Padres end Tyler Anderson's no-hit bid in seventh, rally to shut out Pirates

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Kevin Gorman, The Tribune-Review, Greensburg
·5 min read
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May 4—When Tyler Anderson reached the seventh inning, the Pittsburgh Pirates left-hander was aware that he hadn't allowed a hit against the San Diego Padres — and also that the game was still a scoreless tie.

Anderson wasn't about to put pressure on himself to throw a no-hitter, let alone worry about preventing any runs. That's the mentality that he brings to the mound, to pitch the same whether leading or trailing.

"When you try to put up zeroes all the time, when you feel like you have to put up zeroes," Anderson said, "it can be dicey out there."

The Padres provided the pressure, first spoiling Anderson's no-hit bid and then his shutout on their way to a 2-0 victory Monday night at Petco Park.

Wil Myers got the first hit off Anderson, Tommy Pham's sacrifice fly ended the shutout, and Austin Nola added an RBI double to lift the Padres (17-13). It was the fifth consecutive loss for the Pirates (12-16), as well as their second consecutive shutout after a 3-0 loss to the St. Louis Cardinals on Sunday to complete a three-game series sweep.

Anderson (2-3) allowed two hits and three walks with five strikeouts on 91 pitches in 6 1/3 innings. After giving up 10 hits in a loss at the Chicago Cubs on April 8, Anderson had allowed only four runs on 10 hits over his next three starts, striking out 14 while walking six.

"Obviously, that's a playoff-caliber lineup and probably about as good of a lineup as we're going to face, especially for him with all the right-handers in there," Pirates manager Derek Shelton said of Anderson. "Six no-hit, then he gave up the one ball off the end of the bat and, yeah, he was outstanding. Executed pitches all night long. He did an unbelievable job."

Not since Kip Wells threw 7 1/3 no-hit innings in a 2-0 loss to the Milwaukee Brewers on July 1, 2002 had a Pirates pitcher gone six innings without allowing a hit and ended up losing. Like Anderson, Wells allowed two hits and three walks with five strikeouts.

The Padres started slow, despite starter Miguel Diaz not giving up a run through the first three innings. Gregory Polanco and Kevin Newman drew back-to-back walks with two outs in the second to give the Pirates runners on first and third when Michael Perez smacked a grounder, but Padres second baseman Ha-Seong Kim made a spectacular diving stop to his left to save a run.

"The game changes if Kim doesn't make a really good play there in the second inning and we have a 1-0 lead," Shelton said. "Then, unfortunately, the balls we did square up we hit right at people. Sometimes, that's just the way it goes."

Bryan Reynolds hit a two-out double off the right-field fence in the third, only to be stranded when Diaz struck out Colin Moran. And, in the fifth, Anderson and Adam Frazier hit successive two-out singles, but Reynolds grounded out to short.

Anderson faced the minimum batters through the first four innings. He walked Padres leadoff hitter Trent Grisham, but got a 6-4-3 double play in the first. He retired the next 12 batters, finishing the fourth inning on seven pitches.

It wasn't until the fifth that the Padres mounted an offensive threat. Grisham hit a hot grounder down the third-base line but Erik Gonzalez made a backhand stop and threw him out on a two-hopper to first. Jake Cronenworth hit a two-out comebacker to Anderson's right that the pitcher knocked down but was charged with an error after he bobbled the ball and his throw was late. Nola drew a walk, but Anderson got Kim to fly out to left to escape the inning.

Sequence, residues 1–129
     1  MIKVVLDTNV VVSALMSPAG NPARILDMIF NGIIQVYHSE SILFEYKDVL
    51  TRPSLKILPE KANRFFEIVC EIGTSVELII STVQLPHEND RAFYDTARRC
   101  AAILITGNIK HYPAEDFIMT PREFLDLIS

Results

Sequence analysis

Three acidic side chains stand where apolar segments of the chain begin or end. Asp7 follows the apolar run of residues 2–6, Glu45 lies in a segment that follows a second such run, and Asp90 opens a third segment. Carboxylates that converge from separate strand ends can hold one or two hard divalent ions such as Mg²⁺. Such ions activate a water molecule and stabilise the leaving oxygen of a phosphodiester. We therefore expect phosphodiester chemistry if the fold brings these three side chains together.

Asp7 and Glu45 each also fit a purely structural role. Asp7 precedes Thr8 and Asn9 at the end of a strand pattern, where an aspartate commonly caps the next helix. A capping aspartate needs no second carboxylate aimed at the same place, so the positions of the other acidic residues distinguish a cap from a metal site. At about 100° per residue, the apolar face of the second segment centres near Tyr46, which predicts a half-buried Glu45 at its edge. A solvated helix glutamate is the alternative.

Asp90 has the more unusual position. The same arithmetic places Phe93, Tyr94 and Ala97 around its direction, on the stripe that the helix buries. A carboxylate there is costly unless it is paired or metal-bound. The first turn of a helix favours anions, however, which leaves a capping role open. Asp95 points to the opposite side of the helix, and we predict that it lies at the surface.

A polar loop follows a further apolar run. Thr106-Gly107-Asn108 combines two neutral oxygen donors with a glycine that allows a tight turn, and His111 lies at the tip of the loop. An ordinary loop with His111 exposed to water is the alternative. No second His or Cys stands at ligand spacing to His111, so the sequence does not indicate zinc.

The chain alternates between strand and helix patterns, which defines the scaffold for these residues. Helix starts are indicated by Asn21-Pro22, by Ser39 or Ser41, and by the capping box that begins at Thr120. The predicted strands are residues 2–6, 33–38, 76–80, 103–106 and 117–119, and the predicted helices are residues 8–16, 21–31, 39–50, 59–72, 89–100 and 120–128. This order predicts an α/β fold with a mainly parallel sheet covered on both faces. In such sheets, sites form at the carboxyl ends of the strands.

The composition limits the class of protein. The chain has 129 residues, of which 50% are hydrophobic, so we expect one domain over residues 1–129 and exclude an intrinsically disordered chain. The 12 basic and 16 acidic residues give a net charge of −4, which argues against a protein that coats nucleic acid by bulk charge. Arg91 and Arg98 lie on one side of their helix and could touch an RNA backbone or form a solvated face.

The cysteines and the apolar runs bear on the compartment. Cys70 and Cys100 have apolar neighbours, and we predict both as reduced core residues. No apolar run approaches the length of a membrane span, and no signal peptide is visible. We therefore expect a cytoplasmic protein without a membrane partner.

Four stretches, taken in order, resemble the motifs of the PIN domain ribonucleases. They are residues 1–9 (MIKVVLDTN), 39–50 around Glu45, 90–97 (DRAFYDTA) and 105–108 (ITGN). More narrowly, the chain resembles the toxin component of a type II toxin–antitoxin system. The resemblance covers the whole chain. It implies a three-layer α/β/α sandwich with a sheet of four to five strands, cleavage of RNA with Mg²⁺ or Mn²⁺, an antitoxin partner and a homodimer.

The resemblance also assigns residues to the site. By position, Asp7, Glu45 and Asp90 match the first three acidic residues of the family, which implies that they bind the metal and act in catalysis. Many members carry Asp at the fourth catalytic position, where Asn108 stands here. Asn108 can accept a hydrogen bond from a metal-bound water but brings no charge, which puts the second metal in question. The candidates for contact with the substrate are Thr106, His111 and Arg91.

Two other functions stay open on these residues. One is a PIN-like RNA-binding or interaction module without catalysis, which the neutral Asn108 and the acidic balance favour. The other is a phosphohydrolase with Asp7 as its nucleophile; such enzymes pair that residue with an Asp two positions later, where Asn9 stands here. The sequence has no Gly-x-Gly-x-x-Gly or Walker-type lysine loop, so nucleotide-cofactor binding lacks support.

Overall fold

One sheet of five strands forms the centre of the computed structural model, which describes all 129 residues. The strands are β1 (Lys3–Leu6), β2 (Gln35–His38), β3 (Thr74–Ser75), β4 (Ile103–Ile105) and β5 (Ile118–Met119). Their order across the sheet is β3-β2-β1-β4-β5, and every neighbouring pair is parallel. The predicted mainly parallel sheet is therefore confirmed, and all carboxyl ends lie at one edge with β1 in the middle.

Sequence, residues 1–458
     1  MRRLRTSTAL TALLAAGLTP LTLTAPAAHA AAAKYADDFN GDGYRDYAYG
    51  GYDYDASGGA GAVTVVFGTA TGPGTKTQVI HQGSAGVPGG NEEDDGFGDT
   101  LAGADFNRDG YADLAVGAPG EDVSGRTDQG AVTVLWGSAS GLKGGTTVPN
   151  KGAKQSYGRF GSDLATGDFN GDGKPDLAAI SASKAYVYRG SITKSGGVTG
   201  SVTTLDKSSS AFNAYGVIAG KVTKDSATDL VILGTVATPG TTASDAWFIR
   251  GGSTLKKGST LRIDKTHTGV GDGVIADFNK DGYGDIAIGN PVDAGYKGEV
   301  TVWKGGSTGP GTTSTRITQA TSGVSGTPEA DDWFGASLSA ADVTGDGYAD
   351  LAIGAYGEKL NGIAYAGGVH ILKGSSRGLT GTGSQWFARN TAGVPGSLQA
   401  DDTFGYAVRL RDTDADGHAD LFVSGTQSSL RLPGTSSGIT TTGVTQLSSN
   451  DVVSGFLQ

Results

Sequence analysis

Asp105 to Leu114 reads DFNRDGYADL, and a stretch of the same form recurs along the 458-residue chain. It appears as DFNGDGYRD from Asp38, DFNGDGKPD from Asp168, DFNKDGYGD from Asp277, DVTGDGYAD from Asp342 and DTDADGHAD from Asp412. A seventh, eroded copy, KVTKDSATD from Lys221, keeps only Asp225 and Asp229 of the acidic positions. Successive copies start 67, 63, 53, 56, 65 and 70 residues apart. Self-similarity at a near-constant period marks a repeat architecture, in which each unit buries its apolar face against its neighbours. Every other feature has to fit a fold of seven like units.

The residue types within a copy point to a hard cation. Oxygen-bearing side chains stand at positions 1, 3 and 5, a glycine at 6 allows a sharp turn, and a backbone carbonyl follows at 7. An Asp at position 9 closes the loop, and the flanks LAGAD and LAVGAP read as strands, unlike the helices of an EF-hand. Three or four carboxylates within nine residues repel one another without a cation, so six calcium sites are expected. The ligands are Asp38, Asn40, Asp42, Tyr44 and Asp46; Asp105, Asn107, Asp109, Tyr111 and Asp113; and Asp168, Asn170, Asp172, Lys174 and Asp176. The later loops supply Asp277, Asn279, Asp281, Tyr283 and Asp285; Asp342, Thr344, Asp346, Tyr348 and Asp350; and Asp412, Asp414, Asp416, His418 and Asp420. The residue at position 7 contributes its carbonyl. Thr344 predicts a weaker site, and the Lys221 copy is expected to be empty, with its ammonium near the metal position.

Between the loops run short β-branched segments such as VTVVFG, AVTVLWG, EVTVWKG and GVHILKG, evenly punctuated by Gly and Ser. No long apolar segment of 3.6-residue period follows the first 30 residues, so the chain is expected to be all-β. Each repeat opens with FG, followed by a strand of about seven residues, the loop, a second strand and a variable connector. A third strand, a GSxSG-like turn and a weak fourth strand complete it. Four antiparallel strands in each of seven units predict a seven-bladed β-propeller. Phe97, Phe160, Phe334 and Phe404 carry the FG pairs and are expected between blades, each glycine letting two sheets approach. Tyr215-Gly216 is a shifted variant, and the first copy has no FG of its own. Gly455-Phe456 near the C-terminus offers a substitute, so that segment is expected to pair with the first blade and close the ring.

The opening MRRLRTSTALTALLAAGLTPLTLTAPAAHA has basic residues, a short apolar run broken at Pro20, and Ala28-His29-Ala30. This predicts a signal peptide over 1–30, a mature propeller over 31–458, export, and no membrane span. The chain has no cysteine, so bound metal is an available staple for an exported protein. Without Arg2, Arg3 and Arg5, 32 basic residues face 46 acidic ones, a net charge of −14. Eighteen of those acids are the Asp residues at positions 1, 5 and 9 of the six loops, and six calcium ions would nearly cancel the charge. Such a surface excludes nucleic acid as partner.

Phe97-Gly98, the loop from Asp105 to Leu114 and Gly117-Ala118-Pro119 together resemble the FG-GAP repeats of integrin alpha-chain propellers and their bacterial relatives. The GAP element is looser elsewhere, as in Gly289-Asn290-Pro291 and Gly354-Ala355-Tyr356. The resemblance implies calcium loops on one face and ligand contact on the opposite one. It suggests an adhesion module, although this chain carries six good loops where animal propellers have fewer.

Anderson struck out the side in the sixth, getting pinch hitter Jorge Matteo swinging at a changeup, Grisham on a slider and Fernando Tatis Jr. on a changeup to take his no-hit bid into the seventh.

Anderson, however, said he "felt out of his delivery" and that his pitches weren't going where he wanted. That became evident when he faced Manny Machado, who put pressure on Anderson by drawing a leadoff walk on five pitches to start the seventh.

"It'd be a lot more fun if I didn't walk that first guy," Anderson said.

Myers, the cleanup batter, took advantage of the infield holding Machado on first to get the Padres' first hit — poking a perfectly placed single to right field to put runners on first and third with no outs. Pham followed with a sacrifice fly to right to score Machado for a 1-0 lead.

"I think if I don't walk Machado to lead that off, that ball is hit right to Moran," Anderson said. "I think that was a good at-bat by him. There was a big hole over there with a guy on first. He was just trying to shoot it. He's a good baseball player."

To make matters worse, Myers took advantage of Polanco's arm by tagging up to second base on Pham's sac fly, then scored on Nola's double to the right-center gap to give the Padres a 2-0 lead.

"Really, the only poor pitch he made the whole night was the pitch to Nola," Shelton said. "He was trying to go in, and I think he left it middle."

That was it for Anderson, and the Pirates couldn't muster any offense against the Padres' bullpen, as Tim Hill (2-2) pitched a scoreless seventh for the victory, and Mark Melancon earned his 10th save by holding off a Pirates ninth-inning rally. Phillip Evans singled to right, then took out Tatis with his slide on a Polanco grounder to prevent a double play. But Melancon got Kevin Newman to ground out to first to end the game.

Anderson took the loss — and little satisfaction in his performance.

"Uh, I feel like wins and losses are the most satisfying parts," Anderson said. "Not as satisfying as you would think or as you would hope. But it was all right."

Kevin Gorman is a Tribune-Review staff writer. You can contact Kevin by email at or via Twitter .